The third picture shows the most damaged house I've seen in our neighborhood. You can't see the whole tree in the picture, but the whole tree was plucked up like a weed with its roots hanging. This particular home is on the outer edge of our neighborhood in the direction from which the wind was coming.

What I'm not showing, I suppose, is all the uninteresting stuff: house after house without any damage, the trees (80% or better) that are still in the ground and some that even kept all their branches, that kind of thing. The neighborhoods closer to the water had more damage. There's still plenty of work to do.

Saturday, September 20, 2008

Paul's message based on Christ's: the primacy of love

Whenever people claim that Paul taught something different than Jesus, I find myself wondering how closely they have read Paul's letters. Of all Jesus' moral teachings, probably the most unique is this: that the most important of all God's laws is the command that we love. The most important of all the laws and command God ever gave, Jesus taught us, is to love the LORD our God with all our heart, soul, mind, and strength; and the second most important is like it: to love our neighbor as ourselves. The main moral teaching of Jesus is developed better and more fully by Paul than by anyone else in the whole of the Bible.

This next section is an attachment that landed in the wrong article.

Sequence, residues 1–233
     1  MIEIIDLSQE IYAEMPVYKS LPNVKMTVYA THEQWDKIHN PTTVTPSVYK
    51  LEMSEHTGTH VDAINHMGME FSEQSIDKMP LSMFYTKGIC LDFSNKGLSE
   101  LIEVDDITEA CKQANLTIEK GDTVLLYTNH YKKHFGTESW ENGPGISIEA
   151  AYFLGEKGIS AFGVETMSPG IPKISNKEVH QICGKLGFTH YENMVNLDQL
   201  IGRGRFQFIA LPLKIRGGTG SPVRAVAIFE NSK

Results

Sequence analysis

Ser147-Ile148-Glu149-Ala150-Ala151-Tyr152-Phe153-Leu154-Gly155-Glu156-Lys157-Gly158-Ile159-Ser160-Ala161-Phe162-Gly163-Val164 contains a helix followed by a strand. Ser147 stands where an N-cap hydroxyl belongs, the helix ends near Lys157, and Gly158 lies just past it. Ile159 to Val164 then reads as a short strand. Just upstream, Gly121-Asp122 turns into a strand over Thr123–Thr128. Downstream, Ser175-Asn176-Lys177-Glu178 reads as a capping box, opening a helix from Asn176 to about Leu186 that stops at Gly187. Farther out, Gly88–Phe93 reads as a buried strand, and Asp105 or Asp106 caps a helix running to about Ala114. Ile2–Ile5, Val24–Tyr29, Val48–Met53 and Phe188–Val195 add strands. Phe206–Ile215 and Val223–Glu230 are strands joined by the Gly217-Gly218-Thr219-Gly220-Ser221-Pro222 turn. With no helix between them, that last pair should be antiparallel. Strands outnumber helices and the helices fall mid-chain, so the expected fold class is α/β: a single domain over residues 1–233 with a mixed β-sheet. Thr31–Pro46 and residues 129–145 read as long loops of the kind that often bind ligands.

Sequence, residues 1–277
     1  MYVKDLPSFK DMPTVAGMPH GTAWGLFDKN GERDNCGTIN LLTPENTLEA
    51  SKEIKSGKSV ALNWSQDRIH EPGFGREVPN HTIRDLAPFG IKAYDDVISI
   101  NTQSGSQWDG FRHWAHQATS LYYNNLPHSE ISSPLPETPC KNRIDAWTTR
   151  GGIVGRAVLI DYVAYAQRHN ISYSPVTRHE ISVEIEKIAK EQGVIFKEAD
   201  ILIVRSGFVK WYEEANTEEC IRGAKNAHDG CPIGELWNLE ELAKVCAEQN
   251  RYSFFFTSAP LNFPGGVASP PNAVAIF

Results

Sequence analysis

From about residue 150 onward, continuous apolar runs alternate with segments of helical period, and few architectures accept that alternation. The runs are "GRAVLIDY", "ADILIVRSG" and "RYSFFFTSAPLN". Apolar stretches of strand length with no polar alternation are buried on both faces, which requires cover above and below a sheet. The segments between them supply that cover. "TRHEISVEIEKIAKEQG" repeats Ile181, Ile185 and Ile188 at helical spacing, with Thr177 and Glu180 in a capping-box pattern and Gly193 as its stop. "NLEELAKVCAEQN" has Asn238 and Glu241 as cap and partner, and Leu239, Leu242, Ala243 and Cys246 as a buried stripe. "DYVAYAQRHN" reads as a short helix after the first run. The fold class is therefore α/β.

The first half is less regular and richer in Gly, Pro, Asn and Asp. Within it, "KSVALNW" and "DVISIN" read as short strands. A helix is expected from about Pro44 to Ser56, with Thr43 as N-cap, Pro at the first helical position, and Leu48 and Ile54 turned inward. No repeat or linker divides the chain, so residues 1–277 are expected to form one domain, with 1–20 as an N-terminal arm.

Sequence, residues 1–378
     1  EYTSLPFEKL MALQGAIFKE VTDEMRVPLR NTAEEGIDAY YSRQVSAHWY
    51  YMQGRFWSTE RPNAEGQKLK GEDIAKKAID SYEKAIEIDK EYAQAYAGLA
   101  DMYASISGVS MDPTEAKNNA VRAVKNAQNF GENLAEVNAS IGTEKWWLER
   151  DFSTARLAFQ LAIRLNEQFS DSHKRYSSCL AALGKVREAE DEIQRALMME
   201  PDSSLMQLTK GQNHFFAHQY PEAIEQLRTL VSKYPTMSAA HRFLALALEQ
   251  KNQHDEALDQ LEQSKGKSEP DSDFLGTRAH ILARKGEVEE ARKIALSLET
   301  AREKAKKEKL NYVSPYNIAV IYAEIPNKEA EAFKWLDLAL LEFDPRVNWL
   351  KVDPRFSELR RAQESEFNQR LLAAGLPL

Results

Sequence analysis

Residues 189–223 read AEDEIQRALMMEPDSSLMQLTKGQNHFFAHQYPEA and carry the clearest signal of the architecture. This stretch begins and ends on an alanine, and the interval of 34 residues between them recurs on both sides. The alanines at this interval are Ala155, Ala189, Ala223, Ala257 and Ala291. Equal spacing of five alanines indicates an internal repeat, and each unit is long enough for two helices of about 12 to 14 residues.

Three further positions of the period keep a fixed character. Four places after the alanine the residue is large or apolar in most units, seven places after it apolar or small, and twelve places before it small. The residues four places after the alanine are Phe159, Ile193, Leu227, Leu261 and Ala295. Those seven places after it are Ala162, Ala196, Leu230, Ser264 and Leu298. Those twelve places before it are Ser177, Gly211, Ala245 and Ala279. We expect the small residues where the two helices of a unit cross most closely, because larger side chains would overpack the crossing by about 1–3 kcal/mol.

Consider 1 Corinthians chapter 13. Here Paul devotes an entire chapter to love: how love is better than knowledge and wisdom and understanding; how even acts of charity are empty and meaningless without love, how even martyrdom itself is meaningless without love, that if we are martyred but do not love then "we gain nothing". Here Paul reminds us that if we speak even the most beautiful words of the most beautiful language with the most beautiful meanings -- but do not love, those who listen to us only hear an unpleasant noise like a gong or a cymbal.

Consider Paul's letter to the Romans, again chapter 13. Here Paul reviews from the standpoint of the law code of the Torah: that the law is fulfilled when we love each other. "Love does no harm to its neighbor, therefore love is the fulfillment of the law."

Again in Galatians 5:13-14, Paul expounds on love as the fulfillment of the law, and shows that the Christian fulfills the law by serving each other in love. "For all the Law is fulfilled in one saying: 'Love your neighbor as yourself.'"